Subject: Re: The Good, The Bad, & The Ugly
To: David Jones <firstname.lastname@example.org>
From: Jason Thorpe <email@example.com>
Date: 05/25/1997 09:07:07
On Sun, 25 May 1997 09:32:41 -0400 (EDT)
David Jones <firstname.lastname@example.org> wrote:
> It also makes it hard to maintain packages. How many times have we imported
> IPfilter, and then made our NetBSD-specific cosmetic changes?
...in several cases, these "cosmetic" changes are required for a piece
of software to even have a chance of functioning on e.g. the Alpha.
> If I had to start all over, and I had only PC hardware, I'd probably install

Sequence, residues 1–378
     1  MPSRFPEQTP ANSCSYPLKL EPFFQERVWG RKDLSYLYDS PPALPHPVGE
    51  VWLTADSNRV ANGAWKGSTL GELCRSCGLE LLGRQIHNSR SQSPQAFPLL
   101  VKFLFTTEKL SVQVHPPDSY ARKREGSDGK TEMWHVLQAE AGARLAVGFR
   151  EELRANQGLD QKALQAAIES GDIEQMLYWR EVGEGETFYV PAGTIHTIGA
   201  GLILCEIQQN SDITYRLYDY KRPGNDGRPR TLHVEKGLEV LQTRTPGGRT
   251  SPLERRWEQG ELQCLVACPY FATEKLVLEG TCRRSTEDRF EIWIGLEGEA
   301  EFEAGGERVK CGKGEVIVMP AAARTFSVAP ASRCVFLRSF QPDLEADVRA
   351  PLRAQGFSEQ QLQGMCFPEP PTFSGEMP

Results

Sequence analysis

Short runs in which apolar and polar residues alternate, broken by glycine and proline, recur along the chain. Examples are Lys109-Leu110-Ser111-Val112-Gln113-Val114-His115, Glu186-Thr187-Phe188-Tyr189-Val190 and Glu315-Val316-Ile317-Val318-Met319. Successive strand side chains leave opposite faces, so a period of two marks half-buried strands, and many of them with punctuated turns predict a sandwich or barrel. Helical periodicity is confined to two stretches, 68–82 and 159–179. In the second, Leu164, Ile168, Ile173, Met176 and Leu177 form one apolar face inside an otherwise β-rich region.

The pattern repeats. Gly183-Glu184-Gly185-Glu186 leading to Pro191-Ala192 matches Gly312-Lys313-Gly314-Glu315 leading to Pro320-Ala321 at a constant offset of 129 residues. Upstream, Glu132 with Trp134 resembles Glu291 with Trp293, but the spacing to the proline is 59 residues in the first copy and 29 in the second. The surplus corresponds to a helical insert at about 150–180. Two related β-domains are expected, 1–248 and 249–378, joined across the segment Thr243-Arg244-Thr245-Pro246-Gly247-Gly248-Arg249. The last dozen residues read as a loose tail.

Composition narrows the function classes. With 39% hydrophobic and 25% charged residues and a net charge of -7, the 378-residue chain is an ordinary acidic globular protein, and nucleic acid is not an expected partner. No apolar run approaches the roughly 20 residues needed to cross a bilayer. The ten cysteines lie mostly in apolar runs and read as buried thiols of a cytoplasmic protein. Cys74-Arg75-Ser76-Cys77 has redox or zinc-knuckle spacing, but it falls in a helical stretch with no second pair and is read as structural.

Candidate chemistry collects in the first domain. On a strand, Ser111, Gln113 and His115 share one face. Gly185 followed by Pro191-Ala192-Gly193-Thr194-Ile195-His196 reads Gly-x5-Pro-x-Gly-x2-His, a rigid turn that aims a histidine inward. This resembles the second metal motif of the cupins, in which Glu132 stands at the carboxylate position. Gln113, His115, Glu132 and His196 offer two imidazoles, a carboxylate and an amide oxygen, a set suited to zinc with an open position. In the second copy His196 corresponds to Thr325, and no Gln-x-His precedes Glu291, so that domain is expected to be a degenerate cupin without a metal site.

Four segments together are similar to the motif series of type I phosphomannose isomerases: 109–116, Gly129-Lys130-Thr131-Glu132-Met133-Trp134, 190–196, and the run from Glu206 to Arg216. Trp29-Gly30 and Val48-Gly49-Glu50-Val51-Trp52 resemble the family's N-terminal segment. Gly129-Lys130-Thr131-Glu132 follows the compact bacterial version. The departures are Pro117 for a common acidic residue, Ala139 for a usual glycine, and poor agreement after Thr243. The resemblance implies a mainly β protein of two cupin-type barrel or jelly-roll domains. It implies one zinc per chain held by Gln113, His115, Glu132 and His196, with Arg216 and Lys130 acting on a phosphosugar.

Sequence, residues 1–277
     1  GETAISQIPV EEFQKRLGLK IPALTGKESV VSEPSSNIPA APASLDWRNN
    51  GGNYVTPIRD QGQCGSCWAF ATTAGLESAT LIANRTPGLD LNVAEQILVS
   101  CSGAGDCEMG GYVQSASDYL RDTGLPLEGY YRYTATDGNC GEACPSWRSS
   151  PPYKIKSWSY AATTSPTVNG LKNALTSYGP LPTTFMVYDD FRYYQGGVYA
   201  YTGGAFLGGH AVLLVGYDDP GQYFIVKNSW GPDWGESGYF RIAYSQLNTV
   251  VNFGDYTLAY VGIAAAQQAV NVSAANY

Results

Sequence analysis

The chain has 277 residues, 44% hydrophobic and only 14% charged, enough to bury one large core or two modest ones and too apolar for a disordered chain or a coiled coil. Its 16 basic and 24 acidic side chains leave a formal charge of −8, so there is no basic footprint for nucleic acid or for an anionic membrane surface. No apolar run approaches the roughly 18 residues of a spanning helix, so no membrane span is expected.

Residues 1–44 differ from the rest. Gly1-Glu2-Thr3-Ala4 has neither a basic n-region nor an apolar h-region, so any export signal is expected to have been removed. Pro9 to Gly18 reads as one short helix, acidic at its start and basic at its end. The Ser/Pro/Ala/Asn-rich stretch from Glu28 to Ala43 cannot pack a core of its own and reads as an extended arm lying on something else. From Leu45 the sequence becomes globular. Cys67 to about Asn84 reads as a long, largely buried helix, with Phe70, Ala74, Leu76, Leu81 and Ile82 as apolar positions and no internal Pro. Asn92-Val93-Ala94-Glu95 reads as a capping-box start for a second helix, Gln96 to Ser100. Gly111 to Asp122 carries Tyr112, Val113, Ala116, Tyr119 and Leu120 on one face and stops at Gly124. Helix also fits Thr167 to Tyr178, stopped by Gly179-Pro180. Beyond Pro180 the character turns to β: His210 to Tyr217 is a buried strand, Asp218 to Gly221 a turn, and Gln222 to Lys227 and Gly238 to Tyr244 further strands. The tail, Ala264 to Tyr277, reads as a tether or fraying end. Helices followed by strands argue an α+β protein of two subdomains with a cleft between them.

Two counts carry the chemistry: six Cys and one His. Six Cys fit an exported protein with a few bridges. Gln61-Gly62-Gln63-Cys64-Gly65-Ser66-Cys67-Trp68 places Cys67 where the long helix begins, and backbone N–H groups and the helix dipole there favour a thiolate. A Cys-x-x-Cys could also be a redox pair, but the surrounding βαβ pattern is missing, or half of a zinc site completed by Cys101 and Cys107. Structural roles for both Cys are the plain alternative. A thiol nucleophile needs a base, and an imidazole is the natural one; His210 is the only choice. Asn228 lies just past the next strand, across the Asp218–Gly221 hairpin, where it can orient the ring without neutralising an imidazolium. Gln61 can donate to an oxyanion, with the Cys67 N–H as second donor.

> FreeBSD too, since it is more user-friendly, and the kernel code is closer to
> the original 4.4BSD sources. But I have an Amiga and a Sparc, so it's either
> NetBSD or Linux. Easy choice. :-)
...I don't understand how being closer to the original 4.4BSD sources
is necessarily a good thing. 4.4BSD is now old technology, no longer
being developed, really. We develop our operating system, NetBSD, because
we find ways of improving things, etc. Sometimes that means making the
code look a fair bit different than the original base code. I don't see
why that's a bad thing... that's why we're in this game, right?
Jason R. Thorpe email@example.com
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